Monday, January 18, 2016


The migration crisis in Europe may spell the end of the Schengen Agreement of which Dominica is a beneficiary. PM Skerrit has been traveling the world selling Dominica's passports and promoting the easy access to Europe it provides its buyers through the Schengen Treaty. But that treaty may be at risk of being discarded because of the migration crisis that is now consuming Europe. Should that occur then Mr. Skerrit's traveling salesman job will lose its luster and the returns on the sale of passports will most certainly drop, further drying up the cash he's attempting to raise in order to meet Dominica's obligations.

Photo Courtesy: Noticia.Global
The issue surrounds the distribution of the migrants throughout Europe. It has not been equitable and Germany has been taking in more than it's fair share. Problems created in Germany by these migrants are putting pressure on German Chancellor Angela Merkel to shut its borders. Chancellor Merkel has been trying to get other European countries to take in more, so far to no avail.

This pressure on Ms. Merkel coupled with the British considering whether to stay within the European Union and fears in France of the rise of the ultra nationalist National Front party, are sowing fears that continued existence of the Euro may be in doubt, with the individual countries reinstating their own currencies.

From The Huffington Post

Merkel and Juncker explicitly linked new national frontier controls across Europe's passport-free Schengen zone to a collapse of the single market at the core of the bloc, and of the euro. Both would ravage jobs and the economy.
"Without Schengen ... the euro has no point," Juncker told a New Year news conference on Friday. Historic national resentments were re-emerging, he added, accusing his generation of EU leaders of squandering the legacy of the union's founders, survivors of World War Two.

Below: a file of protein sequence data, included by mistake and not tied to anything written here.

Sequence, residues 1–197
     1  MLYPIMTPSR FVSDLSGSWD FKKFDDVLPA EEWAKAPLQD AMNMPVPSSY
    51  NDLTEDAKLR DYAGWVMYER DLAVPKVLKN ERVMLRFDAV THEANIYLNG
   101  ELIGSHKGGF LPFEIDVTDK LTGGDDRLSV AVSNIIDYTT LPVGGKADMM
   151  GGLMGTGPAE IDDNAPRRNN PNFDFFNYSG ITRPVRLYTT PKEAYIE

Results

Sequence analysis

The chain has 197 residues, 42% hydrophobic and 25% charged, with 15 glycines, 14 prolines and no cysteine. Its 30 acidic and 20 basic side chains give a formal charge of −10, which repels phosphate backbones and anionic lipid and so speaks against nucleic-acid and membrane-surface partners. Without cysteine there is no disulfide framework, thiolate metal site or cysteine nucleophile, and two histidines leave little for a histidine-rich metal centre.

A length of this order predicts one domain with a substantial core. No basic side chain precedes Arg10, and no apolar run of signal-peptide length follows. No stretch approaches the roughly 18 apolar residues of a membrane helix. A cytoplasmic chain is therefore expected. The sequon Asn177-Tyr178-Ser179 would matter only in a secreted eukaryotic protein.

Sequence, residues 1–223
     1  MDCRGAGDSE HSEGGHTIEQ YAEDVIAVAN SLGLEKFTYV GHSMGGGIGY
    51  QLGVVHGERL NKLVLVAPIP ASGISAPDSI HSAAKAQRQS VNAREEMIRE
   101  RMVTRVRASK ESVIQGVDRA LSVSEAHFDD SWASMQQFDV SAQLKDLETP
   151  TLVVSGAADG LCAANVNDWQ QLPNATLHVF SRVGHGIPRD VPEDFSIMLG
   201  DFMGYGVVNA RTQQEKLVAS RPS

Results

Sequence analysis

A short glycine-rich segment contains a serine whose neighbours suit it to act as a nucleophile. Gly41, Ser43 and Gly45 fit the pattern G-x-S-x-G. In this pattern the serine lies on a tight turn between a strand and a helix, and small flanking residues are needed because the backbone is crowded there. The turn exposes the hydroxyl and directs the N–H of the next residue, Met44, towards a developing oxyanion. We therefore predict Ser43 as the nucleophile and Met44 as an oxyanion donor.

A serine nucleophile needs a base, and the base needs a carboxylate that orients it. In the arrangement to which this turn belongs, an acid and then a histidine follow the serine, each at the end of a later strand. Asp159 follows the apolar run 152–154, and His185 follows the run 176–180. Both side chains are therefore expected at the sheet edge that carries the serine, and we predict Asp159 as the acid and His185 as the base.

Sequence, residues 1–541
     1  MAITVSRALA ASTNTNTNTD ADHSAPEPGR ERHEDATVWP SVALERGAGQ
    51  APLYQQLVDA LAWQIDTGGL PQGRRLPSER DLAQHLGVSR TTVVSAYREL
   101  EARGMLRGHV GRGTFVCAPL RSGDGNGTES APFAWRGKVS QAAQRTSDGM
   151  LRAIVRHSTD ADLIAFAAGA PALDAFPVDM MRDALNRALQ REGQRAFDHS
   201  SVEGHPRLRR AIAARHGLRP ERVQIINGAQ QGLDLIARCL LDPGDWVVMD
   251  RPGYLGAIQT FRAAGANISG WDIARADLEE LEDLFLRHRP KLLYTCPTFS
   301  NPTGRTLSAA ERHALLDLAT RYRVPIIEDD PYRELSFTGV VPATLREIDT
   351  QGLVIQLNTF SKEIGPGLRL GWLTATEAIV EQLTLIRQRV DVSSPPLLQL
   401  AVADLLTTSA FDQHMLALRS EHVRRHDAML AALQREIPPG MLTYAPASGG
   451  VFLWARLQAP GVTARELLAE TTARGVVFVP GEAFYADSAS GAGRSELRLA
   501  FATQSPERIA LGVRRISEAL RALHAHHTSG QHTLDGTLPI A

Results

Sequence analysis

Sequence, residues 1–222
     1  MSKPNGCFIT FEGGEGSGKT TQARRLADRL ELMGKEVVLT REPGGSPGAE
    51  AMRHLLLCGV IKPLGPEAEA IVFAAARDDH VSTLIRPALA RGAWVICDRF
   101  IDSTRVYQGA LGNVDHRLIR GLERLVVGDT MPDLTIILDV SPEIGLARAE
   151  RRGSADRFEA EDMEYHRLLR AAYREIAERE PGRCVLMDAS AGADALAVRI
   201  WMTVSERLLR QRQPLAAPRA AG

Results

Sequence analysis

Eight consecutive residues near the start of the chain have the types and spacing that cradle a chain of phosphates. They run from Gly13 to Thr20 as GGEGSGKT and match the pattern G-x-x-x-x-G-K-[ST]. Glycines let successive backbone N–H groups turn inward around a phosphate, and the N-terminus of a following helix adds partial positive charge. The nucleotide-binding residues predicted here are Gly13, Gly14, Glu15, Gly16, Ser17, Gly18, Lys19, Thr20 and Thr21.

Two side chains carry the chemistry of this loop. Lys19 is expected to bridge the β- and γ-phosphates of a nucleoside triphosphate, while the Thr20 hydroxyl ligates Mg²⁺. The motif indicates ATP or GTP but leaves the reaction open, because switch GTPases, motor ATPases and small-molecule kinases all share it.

Merkel has not suggested -- yet -- that Berlin could follow neighbors like Austria and Denmark in further tightening border checks to deny entry to irregular migrants. But she has made clear how Europe might suffer.
"No one can pretend that you can have a common currency without being able to cross borders relatively easily," she said at a business event last week.
In private, German officials are more explicit. "We have until March, the summer maybe, for a European solution," said a second German official. "Then Schengen goes down the drain."
A senior EU official was equally blunt: "There is a big risk that Germany closes. From that, no Schengen ... There is a risk that the February summit could start a countdown to the end."
The next summit of EU leaders one month from now follows meetings last year that were marked by agreement on a migration strategy as well as rows over failures to implement it.
Of the 160,000 asylum seekers EU leaders agreed in September to distribute among member states, fewer than 300 have been moved.
Berlin and Brussels continue to press for more distribution across Europe. But few place much hope in that -- one senior German official calls it "flogging a dead horse".

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